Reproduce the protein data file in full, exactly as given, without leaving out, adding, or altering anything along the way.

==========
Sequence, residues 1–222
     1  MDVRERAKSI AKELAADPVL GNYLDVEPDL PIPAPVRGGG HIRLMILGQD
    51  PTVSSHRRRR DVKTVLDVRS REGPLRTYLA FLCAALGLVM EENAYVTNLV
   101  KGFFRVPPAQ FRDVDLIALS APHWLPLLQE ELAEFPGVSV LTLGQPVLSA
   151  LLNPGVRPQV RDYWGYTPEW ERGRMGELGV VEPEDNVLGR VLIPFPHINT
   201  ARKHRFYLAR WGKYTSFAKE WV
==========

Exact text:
Sequence, residues 1–222
     1  MDVRERAKSI AKELAADPVL GNYLDVEPDL PIPAPVRGGG HIRLMILGQD
    51  PTVSSHRRRR DVKTVLDVRS REGPLRTYLA FLCAALGLVM EENAYVTNLV
   101  KGFFRVPPAQ FRDVDLIALS APHWLPLLQE ELAEFPGVSV LTLGQPVLSA
   151  LLNPGVRPQV RDYWGYTPEW ERGRMGELGV VEPEDNVLGR VLIPFPHINT
   201  ARKHRFYLAR WGKYTSFAKE WV